Harry was rooted to the spot, utterly shocked. He had long suspected that Snape could read minds, and he'd had the certainty of it in his fifth year, but still – didn't one need eye contact for Legilimency? But then again, Lupin always said that Snape was very skilled. He'd never felt so humiliated in his whole life. It had been bad enough that Snape had seen his childhood misery and his kiss with Cho Chang – but thinking that the surly, mean double spy in front of him could see he and Ginny…that he could see Ginny naked…
"You don't know anything about last night!" Harry shouted, furious and embarrassed. "Shut up about it!"
Snape's eyes glittered dangerously.
"You think you are special, Potter? You know nothing."
"I don't think I'm special! But I know that last night was special! I'm sure of it!"
Snape kept his eyes on the boy, hiding his unease. He'd waited fifteen years to hear Lily say these words – surely Fate was not so cruel as to put them in the mouth of her son?
"And why would you?" he whispered, his hand instinctively moving to his wand pocket, which, of course, was empty.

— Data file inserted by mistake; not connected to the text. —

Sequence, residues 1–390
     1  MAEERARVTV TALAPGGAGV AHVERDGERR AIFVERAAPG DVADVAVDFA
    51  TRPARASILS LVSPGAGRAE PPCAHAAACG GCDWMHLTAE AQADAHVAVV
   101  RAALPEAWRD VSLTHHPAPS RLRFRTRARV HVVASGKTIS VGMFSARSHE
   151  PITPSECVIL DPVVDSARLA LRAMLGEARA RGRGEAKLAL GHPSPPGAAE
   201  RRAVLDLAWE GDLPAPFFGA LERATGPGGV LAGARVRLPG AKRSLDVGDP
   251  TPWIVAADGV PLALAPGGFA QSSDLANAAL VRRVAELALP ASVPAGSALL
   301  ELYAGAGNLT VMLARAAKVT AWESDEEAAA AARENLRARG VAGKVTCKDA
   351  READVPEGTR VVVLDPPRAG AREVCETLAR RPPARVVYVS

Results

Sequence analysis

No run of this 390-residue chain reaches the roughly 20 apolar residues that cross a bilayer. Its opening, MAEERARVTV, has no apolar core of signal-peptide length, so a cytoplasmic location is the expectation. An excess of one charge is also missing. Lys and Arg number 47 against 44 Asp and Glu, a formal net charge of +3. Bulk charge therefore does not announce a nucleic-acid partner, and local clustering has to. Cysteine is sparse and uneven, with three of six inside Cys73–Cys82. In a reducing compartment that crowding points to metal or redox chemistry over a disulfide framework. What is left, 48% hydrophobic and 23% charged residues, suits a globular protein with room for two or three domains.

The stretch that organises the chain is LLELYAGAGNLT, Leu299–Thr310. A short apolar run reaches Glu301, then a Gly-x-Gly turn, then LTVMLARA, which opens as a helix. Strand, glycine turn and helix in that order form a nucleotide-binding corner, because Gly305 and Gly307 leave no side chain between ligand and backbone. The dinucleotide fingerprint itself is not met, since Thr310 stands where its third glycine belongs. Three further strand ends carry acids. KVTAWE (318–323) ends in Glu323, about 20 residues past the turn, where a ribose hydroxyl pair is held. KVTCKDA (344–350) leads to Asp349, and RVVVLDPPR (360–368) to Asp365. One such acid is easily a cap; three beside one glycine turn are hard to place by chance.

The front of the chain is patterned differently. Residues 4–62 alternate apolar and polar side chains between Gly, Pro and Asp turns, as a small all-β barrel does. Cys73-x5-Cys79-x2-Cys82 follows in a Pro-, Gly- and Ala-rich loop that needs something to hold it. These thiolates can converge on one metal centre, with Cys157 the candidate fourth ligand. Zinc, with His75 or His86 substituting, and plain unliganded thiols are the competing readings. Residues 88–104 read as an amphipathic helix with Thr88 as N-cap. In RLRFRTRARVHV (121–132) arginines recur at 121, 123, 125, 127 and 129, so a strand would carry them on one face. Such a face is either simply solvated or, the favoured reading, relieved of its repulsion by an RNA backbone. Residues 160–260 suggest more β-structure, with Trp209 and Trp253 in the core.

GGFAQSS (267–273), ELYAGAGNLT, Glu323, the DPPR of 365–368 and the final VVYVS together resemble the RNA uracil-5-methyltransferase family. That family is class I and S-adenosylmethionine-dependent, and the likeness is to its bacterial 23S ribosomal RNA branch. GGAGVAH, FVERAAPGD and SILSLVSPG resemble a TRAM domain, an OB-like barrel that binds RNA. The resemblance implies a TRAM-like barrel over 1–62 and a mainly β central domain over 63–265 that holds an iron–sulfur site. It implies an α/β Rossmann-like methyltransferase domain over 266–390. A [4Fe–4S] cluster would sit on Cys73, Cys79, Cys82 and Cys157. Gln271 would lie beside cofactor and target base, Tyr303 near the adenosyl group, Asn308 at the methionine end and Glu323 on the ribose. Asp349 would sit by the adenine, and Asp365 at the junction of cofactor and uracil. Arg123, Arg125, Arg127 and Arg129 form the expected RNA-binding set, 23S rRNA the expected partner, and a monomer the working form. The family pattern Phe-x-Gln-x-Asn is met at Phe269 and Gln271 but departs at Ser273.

Harry hesitated, but what he was thinking blurted out of his mouth before he could stop himself.
"Because it was love. True love. And you know nothing of it."
Harry saw Snape's face becoming even paler than usual. The man in front of him could have been a corpse – there was no blood in his cheeks, no audible breath. From the look of mingled incredulity and shock in his pale, gleaming eyes Harry knew that he'd finally, unwilling succeeded what he'd been trying to do for six years. He had mortally offended his former professor. More, he had hurt him. Harry shuffled his feet and turned around. He didn't want to see what he'd done. He forgot that Snape was a murderer and his enemy – for a moment, he saw him as the kid he'd been, alone and forlorn, and he was deeply ashamed of himself.
Snape watched as the boy flushed and turned to look at the awful winter landscape, but in his mind the boy had turned into Lily. Lily saying exactly the same thing to him on the eve of her marriage to James. Snape had contradicted her then; and his mouth had moved of a fraction, ready to contradict her son now. But he found he couldn't. The boy was right.
As they both stood there, trying to avoid each other's gaze, the door clicked and Hermione stepped into the room. She stood on the threshold, uncertainly looking at both in turn, but before she could say anything an explosion resounded over their heads, immediately followed by Professor McGonagall's harsh voice.
"The castle is under attack. I repeat, the castle is under attack. All doors will be sealed. Stay where you are until a senior member of the staff comes to fetch you."